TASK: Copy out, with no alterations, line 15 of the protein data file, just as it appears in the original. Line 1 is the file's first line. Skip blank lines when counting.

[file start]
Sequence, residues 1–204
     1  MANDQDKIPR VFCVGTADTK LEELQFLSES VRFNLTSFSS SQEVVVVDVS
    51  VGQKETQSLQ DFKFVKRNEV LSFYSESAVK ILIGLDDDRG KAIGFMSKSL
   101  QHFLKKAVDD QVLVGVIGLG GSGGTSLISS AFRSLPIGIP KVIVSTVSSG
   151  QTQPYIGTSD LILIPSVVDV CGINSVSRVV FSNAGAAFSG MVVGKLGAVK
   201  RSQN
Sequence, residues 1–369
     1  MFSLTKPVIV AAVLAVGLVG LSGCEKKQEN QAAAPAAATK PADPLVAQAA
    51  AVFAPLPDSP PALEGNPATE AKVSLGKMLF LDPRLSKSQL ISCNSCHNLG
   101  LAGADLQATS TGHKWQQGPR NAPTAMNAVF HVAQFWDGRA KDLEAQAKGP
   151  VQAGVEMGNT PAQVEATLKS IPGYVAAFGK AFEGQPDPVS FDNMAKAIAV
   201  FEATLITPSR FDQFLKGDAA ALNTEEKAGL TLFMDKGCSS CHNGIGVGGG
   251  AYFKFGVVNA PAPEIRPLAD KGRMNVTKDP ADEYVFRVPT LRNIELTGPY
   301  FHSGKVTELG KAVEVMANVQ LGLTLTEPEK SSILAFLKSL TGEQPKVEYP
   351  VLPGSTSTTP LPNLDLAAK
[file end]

   351  VLPGSTSTTP LPNLDLAAK